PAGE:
LG G Flex review

The future of smartphones is here, but don't get too excited

LG G Flex review
Is the world ready for a slightly flexible smartphone?

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A large screen, a powerful processor and all manner of connectivity options means the LG G Flex is definitely set up to be a media powerhouse.

LG has realised the G Flex's media potential and included the QuickTheater application on the phone, which is a hub for your photos and videos as well as providing a link to YouTube.

LG G Flex review

You can launch QuickTheater from the lockscreen by dragging two fingers apart on the display.

A slight downfall though is the issue of internal storage, with no expandable option in sight you're stuck with the 32GB inside the G Flex.

Now that will suffice for most users - although you actually only get 24GB once the operating system has been taken into account - but for those who like to stock up on music, movies and large applications the G Flex may start to feel the strain sooner rather than later.


The LG G Flex comes equipped with a pretty standard music player offering up all the features you'd expect - shuffle, repeat, create playlist, they're all there.

LG G Flex review

To aid playback the G Flex offers both home and lockscreen widgets for easy manipulation of your tunes, and the well populated notifications bar gets another addition here it the form of music controls.

This means you can quickly skip a song when viewing a web page by pulling down the notification bar and hitting next - without having to exit the app.

Sound quality is more than acceptable, via the internal speaker and through headphones, and the G Flex will satisfy the majority of listeners.

There is a graphic equaliser residing in the music player app if you do feel the need to tinker with the output, and the G Flex can even play files stored in the cloud, saving you precious storage space.


With its 6-inch display and curved chassis the LG G Flex is set up to be a top movie watching device - with enough screen to enjoy a motion picture and a design which draws in your eyes, concentrating them on the action.

Unfortunately the G Flex is let down a little by its 720p resolution display, which fails to provide the same sharp, powerful images of rival handsets.

LG G Flex review

Colours appear a little washed out and the lack of clarity is noticeable, especially if you're switching from a phone which boasts a full HD display.

The G Flex may have gotten away with things if the screen was a little smaller, but it's not and thus the pixel density is poorer resulting in a disappointing viewing experience.

That said the LG G Flex is one of the more comfortable smartphones to hold during a movie marathon, with its curving, soft touch back sitting nicely in your hands.

Audio quality from the rear speaker is actually pretty good, and you can turn the volume up a fair way before it starts to distort - although plug in a decent set of headphones for a superior listening experience.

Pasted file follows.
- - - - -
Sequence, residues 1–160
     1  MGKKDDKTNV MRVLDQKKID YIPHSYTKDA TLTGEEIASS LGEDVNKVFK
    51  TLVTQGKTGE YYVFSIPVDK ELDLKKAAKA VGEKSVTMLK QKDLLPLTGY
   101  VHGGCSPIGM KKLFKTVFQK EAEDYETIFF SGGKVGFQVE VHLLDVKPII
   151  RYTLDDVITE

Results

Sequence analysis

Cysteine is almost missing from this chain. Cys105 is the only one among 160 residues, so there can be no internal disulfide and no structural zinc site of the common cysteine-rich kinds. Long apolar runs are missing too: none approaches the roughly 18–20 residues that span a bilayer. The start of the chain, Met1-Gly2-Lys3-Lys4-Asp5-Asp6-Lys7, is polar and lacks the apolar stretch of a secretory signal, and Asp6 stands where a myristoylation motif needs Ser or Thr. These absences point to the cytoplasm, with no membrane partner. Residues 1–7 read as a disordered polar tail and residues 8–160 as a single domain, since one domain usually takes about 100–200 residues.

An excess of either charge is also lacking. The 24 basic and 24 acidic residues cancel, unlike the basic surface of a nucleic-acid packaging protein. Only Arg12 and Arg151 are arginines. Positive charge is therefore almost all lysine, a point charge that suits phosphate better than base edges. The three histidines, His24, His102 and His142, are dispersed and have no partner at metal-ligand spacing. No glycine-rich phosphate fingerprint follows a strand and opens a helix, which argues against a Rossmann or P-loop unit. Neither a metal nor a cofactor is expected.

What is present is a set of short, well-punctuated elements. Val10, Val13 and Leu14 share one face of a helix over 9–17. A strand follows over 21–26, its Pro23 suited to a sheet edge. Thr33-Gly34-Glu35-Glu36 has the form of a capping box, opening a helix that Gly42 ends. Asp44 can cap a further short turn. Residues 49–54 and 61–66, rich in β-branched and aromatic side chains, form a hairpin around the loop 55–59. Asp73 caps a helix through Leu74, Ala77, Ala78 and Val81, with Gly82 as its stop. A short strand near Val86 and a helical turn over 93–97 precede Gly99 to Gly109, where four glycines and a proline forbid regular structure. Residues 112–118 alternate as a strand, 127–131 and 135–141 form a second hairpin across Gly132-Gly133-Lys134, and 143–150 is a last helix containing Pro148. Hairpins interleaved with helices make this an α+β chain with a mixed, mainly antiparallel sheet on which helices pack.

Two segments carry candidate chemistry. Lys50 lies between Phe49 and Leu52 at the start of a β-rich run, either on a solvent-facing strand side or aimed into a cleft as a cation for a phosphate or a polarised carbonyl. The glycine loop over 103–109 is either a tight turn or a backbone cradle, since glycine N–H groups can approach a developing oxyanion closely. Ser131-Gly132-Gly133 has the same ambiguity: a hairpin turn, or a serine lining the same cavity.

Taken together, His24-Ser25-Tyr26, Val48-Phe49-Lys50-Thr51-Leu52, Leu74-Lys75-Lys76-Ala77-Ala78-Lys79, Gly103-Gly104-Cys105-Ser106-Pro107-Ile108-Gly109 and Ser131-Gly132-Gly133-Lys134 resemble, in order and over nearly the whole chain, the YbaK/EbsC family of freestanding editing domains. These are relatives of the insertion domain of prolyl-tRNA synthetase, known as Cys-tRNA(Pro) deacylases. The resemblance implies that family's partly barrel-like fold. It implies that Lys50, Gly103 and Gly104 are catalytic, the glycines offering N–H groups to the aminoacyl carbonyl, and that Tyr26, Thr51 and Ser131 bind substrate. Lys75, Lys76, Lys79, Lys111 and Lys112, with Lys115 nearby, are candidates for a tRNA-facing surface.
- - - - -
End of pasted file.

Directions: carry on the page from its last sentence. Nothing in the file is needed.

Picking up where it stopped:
LG has equipped the G Flex with a dedicated video player - something which is sorely lacking on many of today's smartphones - making it very easy to access your movies and get watching right away.

You can even pop the video player into a QSlide mini app, allowing you to continue to use other features on the G Flex while your video continues to play over the top.

I found this worked wonderfully well, and the G Flex had no issue making the switch between full screen and the small floating window - perfect for firing off a quick text without having to pause your video.


With its quad-core processor, 2GB of RAM and Adreno 330 GPU the LG G Flex can handle pretty much any game your throw at it, from the simple tapping addiction which is Flappy Bird to the rather more intense Clash of Clans and Real Racing 3.

The curved nature of the G Flex helps when holding the phone for gaming, making it feel more comfortable in the hand during extended periods of play and the rear speaker once again gives a good showing.

LG G Flex review

Unsurprisingly though the one piece of kit which lets the show down again is the screen - with the low pixel density failing to do any favours for the usually fantastic looking Real Racing.

It's a shame, as the LG G Flex is an excellent size and shape (not to mention the top notch battery life) for a handheld gaming device - I just wish it had a full HD display.

John McCann
Global Managing Editor

John joined TechRadar over a decade ago as Staff Writer for Phones, and over the years has built up a vast knowledge of the tech industry. He's interviewed CEOs from some of the world's biggest tech firms, visited their HQs and has appeared on live TV and radio, including Sky News, BBC News, BBC World News, Al Jazeera, LBC and BBC Radio 4. Originally specializing in phones, tablets and wearables, John is now TechRadar's resident automotive expert, reviewing the latest and greatest EVs and PHEVs on the market. John also looks after the day-to-day running of the site.